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Hard goods require heavy duty

Nick White explains how to select the best equipment for hard goods removal and outlines the benefits of ride-on strippers to do so.

ACCORDING to research by Shawbrook Bank, the average UK homeowner has five unfinished DIY jobs in their home at any one time. Lack of skills, time or money can delay work at home, but as the study suggests, we’re happy to live with an unfinished wall or floor for a while. The same cannot be said for professional contractors, who must consider how to complete jobs quickly and cost effectively.

Here I’ll explain how to select the best equipment for hard goods removal. When walking into a building, how often do you look at the floor first? While it’s not always the most visually interesting part of the space, the floor is integral to the structure.

Hard goods, such as tile and wood flooring are popular in many residential and commercial spaces. Both offer durability and resistance, meaning that, if properly prepared, the covering will need little maintenance during its lifespan.

To effectively prepare the surface, contractors must remove the existing floor and adhesive, prepare the substrate and lay the new coating.

While contractors invest in advanced machinery to improve productivity in other areas of construction, we often find that they still try to remove hardwood manually. Labour, therefore, is often one of the most expensive elements of floor preparation – it can take up to five workers multiple days to replace a floor in an industrial or commercial space.

Investing in machinery reduces strain on the team while also minimizing labour costs, helping contractors complete the job more efficiently. This is particularly true for hard goods such as wood, laminate flooring and ceramic tiles, where the tough covering is directly applied to concrete using strong adhesives.

Floor-strippers can remove the floorcovering and adhesive easily – but with so many models on the market, which is the best to use?

Machine choice
Walk-behinds and ride-ons are the two main types of floor removal equipment. The size of the project, accessibility and power availability will often dictate the size of the machine. These differ by international region. In the UK, for example, industrial, commercial and residential buildings are often smaller than in the US, and lifts and transport have stricter weight restrictions.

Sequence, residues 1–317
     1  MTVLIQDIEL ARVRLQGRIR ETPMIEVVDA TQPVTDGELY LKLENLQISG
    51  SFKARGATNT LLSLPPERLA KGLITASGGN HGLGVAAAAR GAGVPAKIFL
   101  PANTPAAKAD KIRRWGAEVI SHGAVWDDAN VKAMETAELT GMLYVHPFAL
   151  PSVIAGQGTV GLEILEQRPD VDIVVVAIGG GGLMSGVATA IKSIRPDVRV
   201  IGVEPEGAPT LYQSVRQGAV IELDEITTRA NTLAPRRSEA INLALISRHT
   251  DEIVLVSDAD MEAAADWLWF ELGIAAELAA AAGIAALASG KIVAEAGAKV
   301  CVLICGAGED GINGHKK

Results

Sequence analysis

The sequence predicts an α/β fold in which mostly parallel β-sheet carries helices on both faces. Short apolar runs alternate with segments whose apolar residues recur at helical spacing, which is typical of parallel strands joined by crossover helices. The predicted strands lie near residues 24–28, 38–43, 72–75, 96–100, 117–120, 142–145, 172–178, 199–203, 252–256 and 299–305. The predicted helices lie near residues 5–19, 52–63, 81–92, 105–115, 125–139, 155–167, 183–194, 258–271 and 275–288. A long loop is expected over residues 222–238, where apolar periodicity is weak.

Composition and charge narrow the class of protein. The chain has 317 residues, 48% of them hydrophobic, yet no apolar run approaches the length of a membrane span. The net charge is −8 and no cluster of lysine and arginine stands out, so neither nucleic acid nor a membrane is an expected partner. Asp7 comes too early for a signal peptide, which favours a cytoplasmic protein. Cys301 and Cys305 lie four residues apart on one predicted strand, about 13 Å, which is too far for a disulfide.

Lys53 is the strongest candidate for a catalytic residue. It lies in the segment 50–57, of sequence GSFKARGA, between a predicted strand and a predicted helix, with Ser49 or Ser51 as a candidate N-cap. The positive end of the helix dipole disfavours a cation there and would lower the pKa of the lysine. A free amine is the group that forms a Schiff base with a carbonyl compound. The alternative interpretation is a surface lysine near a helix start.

As a result, walk-behind strippers appear to be the more popular of the two in the UK, whereas ride-on strippers are preferred in the US.

While these smaller strippers can effectively remove materials in above ground jobs or tighter spaces, such as residential areas, it’s not the best option for every application. If contractors regularly work on medium to large jobs removing heavy duty materials, it’ll take a long time to complete the work using a walk-behind stripper, increasing project time.

Ride-on strippers are built for largescale applications – they can cover up to 4,000sq ft an hour. The weight of the machine also directs more pressure to the material being removed, increasing production rates when removing heavy duty materials such as wood and tile. If contractors are reluctant to invest in a larger machine, because of factors such as the higher up-front costs or reduced versatility, they can consider rental.

Consulting with a surface preparation equipment expert enables contractors to find the best machinery for each project and see the benefits of machinery before making an investment.

Even when we have the best intentions to finish a DIY project, barriers such as time, money and skills can stop us from getting the work done. Contractors cannot be afforded the same luxury in surface preparation, facing pressure to deliver projects as quickly as possible to reduce downtime and costs. By assessing the jobsite and existing flooring material, contractors can select the best machine for the job.
Nick White is sales director EMEA at surface preparation equipment manufacturer National Flooring Equipment

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